When Matt and I first began to date, he mentioned to me casually that he was raised Mormon but no longer practiced his religion. Being a girl who, at the time, never thought in a million years she would come face to face with her future husband, that fact went in one ear and out the other. Not so since we became engaged.
After speaking with my priest at the Basilica of St. Josaphat, Milwaukee (Note: you must be an active member of the parish for at least six months before you can marry in that particular church), Fr. Jim mentioned to me that a Mormon baptism isn’t recognized in the Catholic Church as a true baptism. While Mormons do believe in the Holy Trinity, they don’t believe in “three persons in one God,” but rather three individual gods.
After speaking with Matt about this new development in our wedding plans, we’ve come to a decision.
Yes, we do have differences in our religions, but not so when it comes to our faith. We both believe in a higher power, in doing good for others, in keeping an open relationship with God at all times, and helping one another grow in this relationship. I believe that the way that I can do this is through the Catholic Church, by regularly attending Mass, going to confession, and spending time in eucharistic adoration. This is where our views begin to differ.
Matt does not believe in organized religion, which is why he no longer practices Mormonism. However, he does have a great respect for those who choose to follow religions. While he isn’t a Catholic, and isn’t planning on becoming one (We have yet to speak to the priest to see what the next steps are to getting married in the Catholic Church), he does support me in my faith journey. He attends Mass with me regularly, and together we discuss what our faith (not exactly our religion) means to us. He knows that I want to bring our children up as Catholics, and has agreed to support and help me to do just that.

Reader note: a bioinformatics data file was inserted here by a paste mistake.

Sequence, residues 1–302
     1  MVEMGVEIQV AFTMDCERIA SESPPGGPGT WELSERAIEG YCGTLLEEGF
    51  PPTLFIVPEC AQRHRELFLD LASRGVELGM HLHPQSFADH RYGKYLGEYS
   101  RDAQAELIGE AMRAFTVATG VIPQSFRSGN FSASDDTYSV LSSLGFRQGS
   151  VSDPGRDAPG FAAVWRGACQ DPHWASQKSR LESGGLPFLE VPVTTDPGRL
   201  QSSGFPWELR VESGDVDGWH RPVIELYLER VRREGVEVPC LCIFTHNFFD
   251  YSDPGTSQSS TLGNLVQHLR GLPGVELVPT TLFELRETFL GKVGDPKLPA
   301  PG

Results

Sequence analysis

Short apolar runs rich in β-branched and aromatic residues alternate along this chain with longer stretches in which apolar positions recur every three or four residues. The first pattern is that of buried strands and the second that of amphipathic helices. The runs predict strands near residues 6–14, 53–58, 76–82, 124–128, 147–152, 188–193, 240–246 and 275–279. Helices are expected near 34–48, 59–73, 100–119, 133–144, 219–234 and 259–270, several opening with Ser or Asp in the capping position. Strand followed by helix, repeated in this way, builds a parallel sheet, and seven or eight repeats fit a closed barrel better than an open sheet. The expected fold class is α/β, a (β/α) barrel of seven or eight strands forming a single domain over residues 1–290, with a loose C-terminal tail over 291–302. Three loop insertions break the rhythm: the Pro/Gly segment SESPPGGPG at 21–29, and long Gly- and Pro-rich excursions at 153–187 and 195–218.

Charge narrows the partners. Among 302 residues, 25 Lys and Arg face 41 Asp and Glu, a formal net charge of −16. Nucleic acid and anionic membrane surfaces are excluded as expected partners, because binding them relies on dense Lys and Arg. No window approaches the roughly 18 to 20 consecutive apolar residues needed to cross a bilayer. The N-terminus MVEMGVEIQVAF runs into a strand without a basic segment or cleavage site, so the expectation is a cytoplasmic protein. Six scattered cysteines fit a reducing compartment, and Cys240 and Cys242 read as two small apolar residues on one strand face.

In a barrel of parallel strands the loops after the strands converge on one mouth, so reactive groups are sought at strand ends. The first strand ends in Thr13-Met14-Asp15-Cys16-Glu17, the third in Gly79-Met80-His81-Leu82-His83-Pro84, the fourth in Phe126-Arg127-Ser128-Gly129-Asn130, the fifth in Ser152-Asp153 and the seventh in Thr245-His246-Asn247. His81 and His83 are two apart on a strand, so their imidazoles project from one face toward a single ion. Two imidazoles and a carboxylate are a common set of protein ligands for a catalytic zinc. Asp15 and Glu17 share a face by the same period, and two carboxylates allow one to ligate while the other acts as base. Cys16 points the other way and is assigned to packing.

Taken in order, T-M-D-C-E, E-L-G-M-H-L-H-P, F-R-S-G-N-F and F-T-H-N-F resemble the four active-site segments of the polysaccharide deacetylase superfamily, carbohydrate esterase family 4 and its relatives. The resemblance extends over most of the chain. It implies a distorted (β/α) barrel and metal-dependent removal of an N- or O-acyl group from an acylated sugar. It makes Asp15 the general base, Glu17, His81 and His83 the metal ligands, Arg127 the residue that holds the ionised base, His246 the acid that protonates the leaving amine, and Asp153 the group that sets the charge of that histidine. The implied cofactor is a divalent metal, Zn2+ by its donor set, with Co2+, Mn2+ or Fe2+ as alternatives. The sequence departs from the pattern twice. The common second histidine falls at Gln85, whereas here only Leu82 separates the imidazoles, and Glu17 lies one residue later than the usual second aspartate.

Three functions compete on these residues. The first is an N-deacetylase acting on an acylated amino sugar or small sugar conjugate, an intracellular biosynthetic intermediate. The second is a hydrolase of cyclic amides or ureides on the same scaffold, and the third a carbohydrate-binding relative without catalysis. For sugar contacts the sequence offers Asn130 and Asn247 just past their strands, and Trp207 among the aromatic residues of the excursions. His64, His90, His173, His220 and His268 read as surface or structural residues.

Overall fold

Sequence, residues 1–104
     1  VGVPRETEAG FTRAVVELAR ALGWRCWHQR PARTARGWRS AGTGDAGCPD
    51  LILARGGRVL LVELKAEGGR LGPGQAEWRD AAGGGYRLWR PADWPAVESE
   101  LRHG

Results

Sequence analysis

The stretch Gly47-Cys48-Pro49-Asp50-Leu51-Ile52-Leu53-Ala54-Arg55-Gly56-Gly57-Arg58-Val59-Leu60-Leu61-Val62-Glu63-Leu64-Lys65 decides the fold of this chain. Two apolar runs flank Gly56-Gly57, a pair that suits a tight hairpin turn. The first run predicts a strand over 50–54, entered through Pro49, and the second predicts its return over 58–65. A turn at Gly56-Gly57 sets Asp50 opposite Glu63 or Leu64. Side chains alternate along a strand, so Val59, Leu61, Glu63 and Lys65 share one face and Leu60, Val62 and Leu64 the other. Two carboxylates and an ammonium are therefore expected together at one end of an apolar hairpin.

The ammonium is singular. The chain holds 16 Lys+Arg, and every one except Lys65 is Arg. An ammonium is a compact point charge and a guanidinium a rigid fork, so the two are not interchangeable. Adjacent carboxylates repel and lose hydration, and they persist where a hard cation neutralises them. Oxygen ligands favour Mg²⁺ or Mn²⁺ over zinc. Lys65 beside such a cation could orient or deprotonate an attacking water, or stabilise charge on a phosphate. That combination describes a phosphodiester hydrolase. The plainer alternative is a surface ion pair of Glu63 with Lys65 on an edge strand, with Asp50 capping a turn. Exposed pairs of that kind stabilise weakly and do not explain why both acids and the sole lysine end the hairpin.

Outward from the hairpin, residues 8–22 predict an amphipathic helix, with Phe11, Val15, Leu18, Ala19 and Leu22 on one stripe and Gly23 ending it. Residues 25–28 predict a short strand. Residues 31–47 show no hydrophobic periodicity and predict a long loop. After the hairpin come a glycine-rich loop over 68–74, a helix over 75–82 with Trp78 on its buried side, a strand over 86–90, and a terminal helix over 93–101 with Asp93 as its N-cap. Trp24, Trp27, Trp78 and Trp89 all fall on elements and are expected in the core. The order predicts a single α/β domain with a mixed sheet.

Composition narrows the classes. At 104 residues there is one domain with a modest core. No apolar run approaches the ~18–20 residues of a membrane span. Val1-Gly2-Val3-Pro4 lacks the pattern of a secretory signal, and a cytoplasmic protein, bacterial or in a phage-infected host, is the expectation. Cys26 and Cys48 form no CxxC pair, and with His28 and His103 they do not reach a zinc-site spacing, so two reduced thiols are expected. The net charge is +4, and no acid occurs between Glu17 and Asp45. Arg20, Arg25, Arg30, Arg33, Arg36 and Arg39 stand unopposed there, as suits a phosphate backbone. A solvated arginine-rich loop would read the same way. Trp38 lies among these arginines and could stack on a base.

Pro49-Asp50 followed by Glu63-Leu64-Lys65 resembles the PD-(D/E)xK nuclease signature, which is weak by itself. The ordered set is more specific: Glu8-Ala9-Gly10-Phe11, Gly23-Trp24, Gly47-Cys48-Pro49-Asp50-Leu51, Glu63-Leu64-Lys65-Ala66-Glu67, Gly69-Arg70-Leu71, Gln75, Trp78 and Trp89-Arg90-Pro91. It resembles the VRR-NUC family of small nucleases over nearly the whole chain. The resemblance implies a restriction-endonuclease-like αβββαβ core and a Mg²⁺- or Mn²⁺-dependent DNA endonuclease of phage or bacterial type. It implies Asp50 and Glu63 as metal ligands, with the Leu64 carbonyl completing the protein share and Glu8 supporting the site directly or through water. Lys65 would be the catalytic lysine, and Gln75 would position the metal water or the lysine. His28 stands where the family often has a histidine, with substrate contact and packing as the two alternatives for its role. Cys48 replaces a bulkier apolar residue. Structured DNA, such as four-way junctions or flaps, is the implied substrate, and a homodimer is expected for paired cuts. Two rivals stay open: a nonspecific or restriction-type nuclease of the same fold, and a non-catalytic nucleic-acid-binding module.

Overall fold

However, in a very candid and honest conversation a few weeks ago, he told me that he couldn’t convert to my religion just for the sake of doing so. To do that, he said, would be to lie to himself, his family and all his friends. This is very true, I realized. As I was told when taking confirmation classes, you shouldn’t do so because your parents want you to, but because YOU want to.
While I would love to be able to share that religious aspect with Matt throughout my life, I know that no matter what, we will be together on a faith voyage that will take us far. I’m excited to support Matt on his journey, and I know that he is equally excited to do the same for me.
Now, if I could only convince my parents of this. Stay tuned for more updates…
Song playing while writing this: “A Shot in the Arm” by Wilco